Photos: The CW
In 2003, a little show called America’s Next Top Model — produced by supermodel Tyra Banks — surprised everyone by becoming central (and essential) programming to the UPN and later The CW’s broadcast schedule. Following models through a series of mini-challenges, a main photo shoot or runway walk and a melodramatic judging panel, ANTM was an obvious inspiration for reality sistren RuPaul’s Drag Race.
Aside from the obvious parallels — photo shoots, runways, filming commercials and Raja, who served as one of Tyra’s makeup artists — in both reality competitions, it’s the queer culture that truly bonds ANTM and RPDR. Long before Logo’s library was open, Tyra made her girls vogue, impersonate celebrities, and throw shade at each other, which is why ANTM is the perfect placeholder while Drag Race is off the air. With all of Tyra’s camp and the addition of hot guys, it’s perhaps the gayest program on television.
While RPDR brought ball vernacular to the TV screen, Tyra exposed voguing to the masses. In an attempt to make the young models understand their bodies, angles, and how to pose for the camera, Tyra brought on dancer Benny Ninja in cycle 8 to instruct the girls. The father of the House of Ninja brought his voguing style to a group of mostly midwestern women in order to get them in their bodies. (To date, Drag Race contestants have never had to vogue.)
In what’s become one of the most anticipated challenges of the season, RuPaul has each of the queens choose a celebrity to impersonate for a round of Snatch Game. Similarly, Tyra has challenged or her own “queens” to not only model but also act. In the past this has meant them posing as drag kings, celebrity couples, and fashion icons. In cycle 2, the supermodel asked contestants to each embody a fashion icon — everyone from Audrey Hepburn to Diana Ross — in front of the camera. When Tyra famously challenged Xiomara Frans to be Grace Jones, shit got oh so real. That type of pathos makes you wish RuPaul and her judges held more queens accountable for phoning in tired, manic and unlikable portrayals of Beyoncé.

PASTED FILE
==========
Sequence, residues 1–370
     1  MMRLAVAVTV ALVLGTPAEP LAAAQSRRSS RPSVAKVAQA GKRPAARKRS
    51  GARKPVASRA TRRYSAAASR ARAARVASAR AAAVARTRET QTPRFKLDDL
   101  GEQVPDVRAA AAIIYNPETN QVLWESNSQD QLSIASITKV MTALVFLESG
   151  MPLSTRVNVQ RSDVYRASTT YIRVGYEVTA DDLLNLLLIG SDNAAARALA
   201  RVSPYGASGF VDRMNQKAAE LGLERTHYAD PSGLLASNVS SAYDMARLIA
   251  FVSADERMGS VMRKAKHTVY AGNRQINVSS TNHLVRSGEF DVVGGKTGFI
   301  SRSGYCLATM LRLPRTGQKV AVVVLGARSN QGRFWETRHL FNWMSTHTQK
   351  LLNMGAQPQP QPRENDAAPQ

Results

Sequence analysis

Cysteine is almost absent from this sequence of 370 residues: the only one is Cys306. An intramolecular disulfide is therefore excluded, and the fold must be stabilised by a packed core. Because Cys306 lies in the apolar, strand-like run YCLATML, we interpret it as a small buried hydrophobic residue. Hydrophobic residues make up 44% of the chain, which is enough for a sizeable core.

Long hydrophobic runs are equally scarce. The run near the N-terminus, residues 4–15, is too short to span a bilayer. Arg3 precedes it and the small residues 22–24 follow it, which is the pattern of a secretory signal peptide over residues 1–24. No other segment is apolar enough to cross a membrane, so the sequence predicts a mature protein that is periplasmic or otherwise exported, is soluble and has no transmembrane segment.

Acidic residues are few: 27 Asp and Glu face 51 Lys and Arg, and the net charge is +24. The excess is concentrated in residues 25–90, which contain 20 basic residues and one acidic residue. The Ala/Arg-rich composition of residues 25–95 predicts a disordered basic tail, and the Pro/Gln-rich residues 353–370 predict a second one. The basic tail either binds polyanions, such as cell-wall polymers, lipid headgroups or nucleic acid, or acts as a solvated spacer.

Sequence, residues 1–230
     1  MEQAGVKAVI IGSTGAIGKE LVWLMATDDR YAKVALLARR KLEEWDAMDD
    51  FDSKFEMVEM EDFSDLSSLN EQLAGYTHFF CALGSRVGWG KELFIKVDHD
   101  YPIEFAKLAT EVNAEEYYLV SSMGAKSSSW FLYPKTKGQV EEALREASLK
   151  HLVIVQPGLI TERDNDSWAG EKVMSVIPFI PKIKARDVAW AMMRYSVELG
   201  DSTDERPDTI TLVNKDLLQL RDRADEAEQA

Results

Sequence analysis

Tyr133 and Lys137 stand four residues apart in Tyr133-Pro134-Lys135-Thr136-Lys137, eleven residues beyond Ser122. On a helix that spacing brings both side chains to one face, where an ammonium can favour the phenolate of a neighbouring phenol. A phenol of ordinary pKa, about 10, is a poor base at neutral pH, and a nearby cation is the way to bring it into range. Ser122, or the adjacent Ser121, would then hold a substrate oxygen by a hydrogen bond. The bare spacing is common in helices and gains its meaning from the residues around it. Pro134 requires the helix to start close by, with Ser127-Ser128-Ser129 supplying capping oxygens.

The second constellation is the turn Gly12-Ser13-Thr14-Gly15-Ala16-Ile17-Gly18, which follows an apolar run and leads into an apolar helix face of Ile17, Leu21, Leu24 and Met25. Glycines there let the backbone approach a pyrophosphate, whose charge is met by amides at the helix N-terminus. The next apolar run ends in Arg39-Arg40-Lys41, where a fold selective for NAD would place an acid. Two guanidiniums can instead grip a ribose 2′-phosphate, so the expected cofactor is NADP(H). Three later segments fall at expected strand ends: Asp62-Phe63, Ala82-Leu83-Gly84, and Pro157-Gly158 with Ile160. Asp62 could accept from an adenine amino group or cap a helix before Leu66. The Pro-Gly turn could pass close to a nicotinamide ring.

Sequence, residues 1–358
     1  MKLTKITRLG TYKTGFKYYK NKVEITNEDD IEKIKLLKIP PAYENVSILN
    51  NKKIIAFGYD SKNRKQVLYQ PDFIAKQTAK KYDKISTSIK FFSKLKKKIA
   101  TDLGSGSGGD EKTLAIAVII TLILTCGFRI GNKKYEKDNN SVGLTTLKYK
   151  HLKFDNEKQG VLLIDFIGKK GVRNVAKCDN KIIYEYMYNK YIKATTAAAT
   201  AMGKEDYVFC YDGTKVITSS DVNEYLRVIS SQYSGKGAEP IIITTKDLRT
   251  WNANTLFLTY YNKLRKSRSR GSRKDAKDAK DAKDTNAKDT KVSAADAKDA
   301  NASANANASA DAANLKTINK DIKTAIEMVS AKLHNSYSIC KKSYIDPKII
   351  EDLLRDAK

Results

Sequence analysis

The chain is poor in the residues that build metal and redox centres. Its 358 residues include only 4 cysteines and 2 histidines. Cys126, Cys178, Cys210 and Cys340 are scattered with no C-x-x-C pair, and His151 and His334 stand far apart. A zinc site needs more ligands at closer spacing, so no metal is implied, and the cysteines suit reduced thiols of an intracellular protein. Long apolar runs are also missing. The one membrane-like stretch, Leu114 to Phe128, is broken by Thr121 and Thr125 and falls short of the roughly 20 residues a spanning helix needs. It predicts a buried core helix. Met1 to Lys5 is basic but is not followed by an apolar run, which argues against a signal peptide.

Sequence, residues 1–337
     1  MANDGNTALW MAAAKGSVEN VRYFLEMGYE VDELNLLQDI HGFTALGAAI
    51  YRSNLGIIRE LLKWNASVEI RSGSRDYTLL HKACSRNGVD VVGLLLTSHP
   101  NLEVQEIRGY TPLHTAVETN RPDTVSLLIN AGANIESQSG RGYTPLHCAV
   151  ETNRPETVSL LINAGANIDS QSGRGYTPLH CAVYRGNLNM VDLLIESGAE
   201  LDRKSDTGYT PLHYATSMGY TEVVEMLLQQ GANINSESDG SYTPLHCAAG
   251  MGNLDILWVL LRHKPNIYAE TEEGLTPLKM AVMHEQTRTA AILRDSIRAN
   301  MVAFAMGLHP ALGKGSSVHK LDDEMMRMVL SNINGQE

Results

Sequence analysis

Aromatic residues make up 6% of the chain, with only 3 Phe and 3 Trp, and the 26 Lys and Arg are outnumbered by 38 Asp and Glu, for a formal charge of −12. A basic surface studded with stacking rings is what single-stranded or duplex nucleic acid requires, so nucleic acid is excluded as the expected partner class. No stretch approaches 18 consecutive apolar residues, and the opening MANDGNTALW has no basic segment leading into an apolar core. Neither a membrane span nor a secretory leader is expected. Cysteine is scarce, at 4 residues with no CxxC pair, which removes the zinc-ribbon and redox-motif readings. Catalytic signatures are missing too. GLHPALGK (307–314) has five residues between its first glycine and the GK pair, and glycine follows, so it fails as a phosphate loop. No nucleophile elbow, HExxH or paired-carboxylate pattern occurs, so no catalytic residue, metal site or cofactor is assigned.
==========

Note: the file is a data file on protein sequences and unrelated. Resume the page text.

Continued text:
Reading is fundamental and Drag Race’s library challenge has become one of its most iconic on-screen battles but nearly ten years before Bianca Del Rio and Jujubee ripped their competition to shreds, models were reading one another on ANTM. When the cast of Wild N’ Out appeared on the modeling competition, the contestants were encouraged to improvise raps in order to break inhibitions and get the ladies to think on their feet. Fan favorite (or maybe just ridiculous breakout star) Jade Cole turned the assignment on its ear when she read Furonda Brasfield for filth.
“Furonda, my dear, I know your skin is bumpy but my skin is flawless and you look really lumpy,” Jade rapped. Not subtle shade but most definitely a read.
Finally — if you’re still not convinced as to why you should watch ANTM during RPDR’s off-season — the men. While Drag Race amped up the eye candy this past season with two additional Pit Crew members, Tyra one-upped Ru by making the 20th cycle of her show coed. When cycle 21 premieres on Monday, August 18, another seven men will join the competition. Constantly evolving, Top Model has allowed itself to continue to reinvent itself alongside its ever-changing host.
Recently on Watch What Happens Live, Tyra told Andy Cohen that, in spite of rumors, she’s never been asked to appear as a guest judge on RPDR. To the powers that be, bring Tyra to RuPaul’s Drag Race. She will make your show queerer, hunty.
America’s Next Top Model premieres Monday, August 18th at 9 PM ET/PT.